The Tiny House movement has made it possible for many artists to find free-standing space right on their own property. True, not everyone has the opportunity to go this route, but shed-cabin style studios are filling a huge need.
This 480 sq ft drawing room and studio combination is described by the owner as Victorian greenhouse meets southern farmhouse. Located in rural Harpersville, AL, It has 48 salvaged windows and lounging space.
Studio sheds by Ocean East Construction in New Jersey (above) have a modern vibe. (See more examples here)
The lower floor of this 500 sq ft backyard mini cottage in Aspen, Colorado (above) has storage and an office with a library. The lofted studio is open to the ground floor with railings along the side to allow air to flow freely between floors.
This unit was designed by Grey Griffiths Architects for a ceramicist in North London (photo by Adam Scott). It’s been named The Potting Shed. See more pictures here.
Australian artist Tina Dinte “got kicked out of the house,” to a studio created by her architect/builder husband from a recycled shipping container.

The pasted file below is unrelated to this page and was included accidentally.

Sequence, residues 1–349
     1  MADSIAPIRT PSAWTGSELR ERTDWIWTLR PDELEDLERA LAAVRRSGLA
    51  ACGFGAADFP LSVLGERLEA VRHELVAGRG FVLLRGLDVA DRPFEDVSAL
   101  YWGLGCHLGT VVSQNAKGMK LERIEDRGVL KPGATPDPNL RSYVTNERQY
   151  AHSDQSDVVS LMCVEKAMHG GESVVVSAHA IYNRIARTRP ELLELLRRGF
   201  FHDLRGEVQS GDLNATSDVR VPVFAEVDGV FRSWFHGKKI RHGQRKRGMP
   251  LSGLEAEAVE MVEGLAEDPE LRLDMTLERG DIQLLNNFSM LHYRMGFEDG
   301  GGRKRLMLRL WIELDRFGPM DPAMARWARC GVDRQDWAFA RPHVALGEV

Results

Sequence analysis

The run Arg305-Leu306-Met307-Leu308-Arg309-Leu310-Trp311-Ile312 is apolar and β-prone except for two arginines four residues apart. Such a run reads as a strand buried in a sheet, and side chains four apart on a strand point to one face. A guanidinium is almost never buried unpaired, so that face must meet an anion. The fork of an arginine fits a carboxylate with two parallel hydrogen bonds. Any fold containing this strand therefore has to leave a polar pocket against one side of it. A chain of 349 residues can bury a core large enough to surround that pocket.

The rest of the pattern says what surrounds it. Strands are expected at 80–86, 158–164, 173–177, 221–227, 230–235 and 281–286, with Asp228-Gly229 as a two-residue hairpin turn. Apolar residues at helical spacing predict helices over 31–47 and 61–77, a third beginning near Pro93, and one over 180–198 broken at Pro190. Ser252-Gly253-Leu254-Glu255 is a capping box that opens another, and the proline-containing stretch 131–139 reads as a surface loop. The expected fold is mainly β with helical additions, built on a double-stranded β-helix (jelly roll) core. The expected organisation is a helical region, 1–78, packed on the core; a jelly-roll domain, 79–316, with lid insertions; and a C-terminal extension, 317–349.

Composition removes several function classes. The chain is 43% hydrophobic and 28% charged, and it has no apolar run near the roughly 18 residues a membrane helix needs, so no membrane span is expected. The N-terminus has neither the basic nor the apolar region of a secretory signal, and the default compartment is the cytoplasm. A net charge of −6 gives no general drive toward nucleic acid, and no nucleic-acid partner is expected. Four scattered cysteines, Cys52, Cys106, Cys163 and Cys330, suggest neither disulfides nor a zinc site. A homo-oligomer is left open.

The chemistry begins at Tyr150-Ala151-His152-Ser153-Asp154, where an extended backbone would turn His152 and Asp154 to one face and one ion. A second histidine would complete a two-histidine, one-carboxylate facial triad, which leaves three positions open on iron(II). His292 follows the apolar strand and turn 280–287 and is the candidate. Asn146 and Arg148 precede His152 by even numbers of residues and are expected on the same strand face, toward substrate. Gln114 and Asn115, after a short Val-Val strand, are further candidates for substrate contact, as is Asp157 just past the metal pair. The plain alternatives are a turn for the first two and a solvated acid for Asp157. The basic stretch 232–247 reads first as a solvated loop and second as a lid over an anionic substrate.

In Avalon, Australia, Olaf von Sperl and artist Cindy Goode Milman designed a shed for the corner of Milman’s backyard with a green roof. Milman wanted a space that would work as both a functional studio and a place of respite.
This 12 x 12′ backyard shed in Tampa, Florida, works as an artist studio or writer’s retreat. From the Historic Shed Company.
A Seattle artist found an affordable studio option with Modern Shed, a structure with metal panels cladding the exterior. Natural light pours in through glazed double doors and clerestory windows.
This project in San Diego, designed by Safdie Rabines Architects, is a studio for two artists seeking a new workspace that would minimize the impact of new construction on the natural landscape of their property. It’s larger than a tiny house, at 800 square metres, but reflects the same economy of space and back yard location of the other studios featured.
The studio was conceived as a “bridge” spanning a small arroyo adjacent to the house, enabling the owners to experience the canyon from the best of all possible locations. The bridge is supported by two concrete piers on either side of the canyon, and is spanned with two trusses made of top and bottom glulam chords with steel cross members.
See some beautiful traditional studios on a previous Art Junkie post, Studio Envy here.
Canadian photographer Joseph Hartman’s stunning series, The Artist’s Studio here.
Famous artists’ ‘What the Studio Tells,’ here.
Vancouver studio with link to Hyperallergic’s fascinating View from the Easel series, here.